Well-known artist Dawn Weimer of Loveland knows injured equines as well as she knows fine art. So, two years ago when the sculptor read the newspaper story of Primrose, the young burro whose hind leg was amputated and successfully replaced with a prosthesis, she was inspired to creativity-and philanthropy.
Weimer, who cast several bronze editions of Primrose, in various sizes, is donating 40 percent of total sales of the bronzes to benefit the Equine Mobile Clinic of Colorado State’s Veterinary Teaching Hospital. She also is donating a life-size edition of the burro, with prosthesis, to the hospital to be installed in spring 2001.
Now, the sculptor will get the chance to meet her real-life model at 11 a.m. on Dec. 13 when Weimer presents the first gift check from the sales of the bronzes to the Veterinary Teaching Hospital, as Primrose visits for her regular checkup.
"Tom and I bred and trained registered quarter horses for years here in northern Colorado," Weimer said. "More than once we had to rely on the skills of the veterinarians at the Teaching Hospital."
"When we read the story of Primrose, we were so impressed with the work of Dr. Gayle Trotter and his surgical team and the generosity of the doctors and the hospital by putting so much effort into saving the little donkey, in finding an alternative to euthanasia."
In 1998, the five-month-old Primrose underwent surgery and weeks of medical care at Colorado State’s Veterinary Teaching Hospital for the removal of a badly infected hind leg, the result of an attack by dogs. Under the supervision of Dr. Gayle Trotter, professor of surgery at Colorado State University, who performed the amputation, Primrose was fitted with an artificial leg created by prosthetics technician Theresa Conrath. In cases such as this, euthanasia is usually recommended since, unlike dogs or cats, larger animals find it difficult or impossible to get around on three legs. Artificial limbs for larger animals can be problematic, in part because the animals require frequent care and are prone to chronic compression sores where the prosthesis attaches to the limb, due to the weight put on the limb. After two years, Primrose is living proof that a prosthetic limb can work on smaller equines.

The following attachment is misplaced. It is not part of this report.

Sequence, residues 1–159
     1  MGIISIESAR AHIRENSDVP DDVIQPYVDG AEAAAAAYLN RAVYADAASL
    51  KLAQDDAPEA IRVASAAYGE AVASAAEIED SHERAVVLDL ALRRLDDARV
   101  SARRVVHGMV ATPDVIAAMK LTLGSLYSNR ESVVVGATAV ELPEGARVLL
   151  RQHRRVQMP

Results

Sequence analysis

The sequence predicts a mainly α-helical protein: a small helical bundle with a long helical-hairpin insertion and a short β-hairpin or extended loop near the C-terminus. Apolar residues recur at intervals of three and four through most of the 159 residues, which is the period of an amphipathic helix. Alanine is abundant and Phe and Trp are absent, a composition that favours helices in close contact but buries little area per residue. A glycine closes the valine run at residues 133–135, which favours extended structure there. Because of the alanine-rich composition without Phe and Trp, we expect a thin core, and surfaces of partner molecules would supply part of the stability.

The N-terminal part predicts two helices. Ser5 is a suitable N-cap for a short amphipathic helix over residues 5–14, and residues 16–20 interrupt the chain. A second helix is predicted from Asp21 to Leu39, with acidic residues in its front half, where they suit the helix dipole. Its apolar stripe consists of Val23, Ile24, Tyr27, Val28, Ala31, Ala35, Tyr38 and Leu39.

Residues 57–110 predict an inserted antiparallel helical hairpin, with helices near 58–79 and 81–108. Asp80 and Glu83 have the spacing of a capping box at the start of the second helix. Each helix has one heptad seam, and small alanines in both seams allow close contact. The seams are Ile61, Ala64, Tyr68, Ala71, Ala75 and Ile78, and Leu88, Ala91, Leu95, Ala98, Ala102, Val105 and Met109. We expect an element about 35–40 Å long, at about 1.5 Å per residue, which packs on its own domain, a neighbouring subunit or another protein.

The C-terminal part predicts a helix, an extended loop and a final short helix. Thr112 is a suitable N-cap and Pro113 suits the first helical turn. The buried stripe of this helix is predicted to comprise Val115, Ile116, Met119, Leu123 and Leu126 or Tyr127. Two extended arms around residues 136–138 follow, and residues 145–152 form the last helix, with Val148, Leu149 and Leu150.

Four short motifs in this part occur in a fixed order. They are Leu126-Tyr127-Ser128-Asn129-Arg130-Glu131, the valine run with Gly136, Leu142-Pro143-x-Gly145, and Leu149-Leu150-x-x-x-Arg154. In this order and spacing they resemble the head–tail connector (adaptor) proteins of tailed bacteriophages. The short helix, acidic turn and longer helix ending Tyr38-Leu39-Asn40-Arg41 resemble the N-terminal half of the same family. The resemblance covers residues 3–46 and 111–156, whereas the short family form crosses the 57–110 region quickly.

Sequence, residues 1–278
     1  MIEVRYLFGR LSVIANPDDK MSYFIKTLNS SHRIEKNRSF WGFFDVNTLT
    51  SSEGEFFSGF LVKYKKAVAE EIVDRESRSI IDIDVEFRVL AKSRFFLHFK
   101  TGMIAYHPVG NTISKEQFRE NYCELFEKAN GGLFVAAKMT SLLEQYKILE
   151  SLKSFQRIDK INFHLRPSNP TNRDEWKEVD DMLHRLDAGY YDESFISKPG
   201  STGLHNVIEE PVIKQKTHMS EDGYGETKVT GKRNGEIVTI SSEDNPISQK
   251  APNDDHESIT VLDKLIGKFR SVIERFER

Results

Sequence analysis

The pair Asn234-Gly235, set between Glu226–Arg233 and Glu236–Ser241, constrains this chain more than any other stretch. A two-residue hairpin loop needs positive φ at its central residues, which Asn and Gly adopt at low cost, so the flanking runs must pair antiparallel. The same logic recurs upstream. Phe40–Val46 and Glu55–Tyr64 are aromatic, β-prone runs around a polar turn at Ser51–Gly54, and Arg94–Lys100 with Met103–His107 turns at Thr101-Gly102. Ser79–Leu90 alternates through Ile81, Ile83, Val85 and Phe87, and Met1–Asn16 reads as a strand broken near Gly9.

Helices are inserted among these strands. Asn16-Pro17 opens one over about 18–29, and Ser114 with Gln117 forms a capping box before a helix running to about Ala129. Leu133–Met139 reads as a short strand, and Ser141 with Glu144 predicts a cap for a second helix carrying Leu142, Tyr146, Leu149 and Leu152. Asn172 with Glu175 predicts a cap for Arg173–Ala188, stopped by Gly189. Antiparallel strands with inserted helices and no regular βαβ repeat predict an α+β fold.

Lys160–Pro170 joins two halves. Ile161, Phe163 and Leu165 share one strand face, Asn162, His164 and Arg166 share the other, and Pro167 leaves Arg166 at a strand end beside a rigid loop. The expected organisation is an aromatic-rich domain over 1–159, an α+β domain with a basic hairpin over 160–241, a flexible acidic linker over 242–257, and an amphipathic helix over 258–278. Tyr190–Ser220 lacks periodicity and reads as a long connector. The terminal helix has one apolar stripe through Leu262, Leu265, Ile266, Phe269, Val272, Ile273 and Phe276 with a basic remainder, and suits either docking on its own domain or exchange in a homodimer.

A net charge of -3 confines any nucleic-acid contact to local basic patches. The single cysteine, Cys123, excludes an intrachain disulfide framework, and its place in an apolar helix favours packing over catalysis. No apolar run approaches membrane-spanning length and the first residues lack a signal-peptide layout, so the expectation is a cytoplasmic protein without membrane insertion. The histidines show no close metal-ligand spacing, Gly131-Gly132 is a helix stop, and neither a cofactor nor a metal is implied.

"Without the collaborative efforts of the surgical team and the prosthetist, we would not have Primrose today," said Dr. Anthony Knight, head of the department of Clinical Sciences at the Veterinary Teaching Hospital. "Without the vision and generosity of Dawn Weimer, we would not have the level of support for the Equine Mobile Veterinary Unit that has resulted from this sequence of events. The skill and generosity shown by all involved is greatly appreciated."
Colorado State University has the only state-of-the-art, full service, mobile equine veterinary diagnostic and therapeutic clinic in the United States. The size of an 18-wheeler, the clinic travels to regional equine events, stays for the length of the event and is staffed 24 hours a day, allowing sick or injured horses to be diagnosed on-site without the added pain, or possible further injury, of being moved to another location. The clinic is also available to veterinarians who need assistance in providing full diagnostic services on-site at equine events.
Weimer, who turned from raising and training quarter horses to a full-time career in art, said she hoped the experience with Primrose would mean more exploration into methods for saving the limbs of other injured equines.
Weimer’s work can be seen in several locations in northern Colorado. She cast the bronze ram on display across from Moby Arena on the Colorado State campus. She is also at work on a 9-foot. cougar for Loveland-Mountain View High School in Loveland, Colo., and a life-size work titled "Mother of the Plains" for the Fort Morgan Museum in Fort Morgan, Colo.
For more information about the mobile equine veterinary unit, contact Dr. Joe Stricklin at (970) 491-4580. For more information about the bronzes, contact Dawn Weimer at (970) 204-1900 or email@example.com.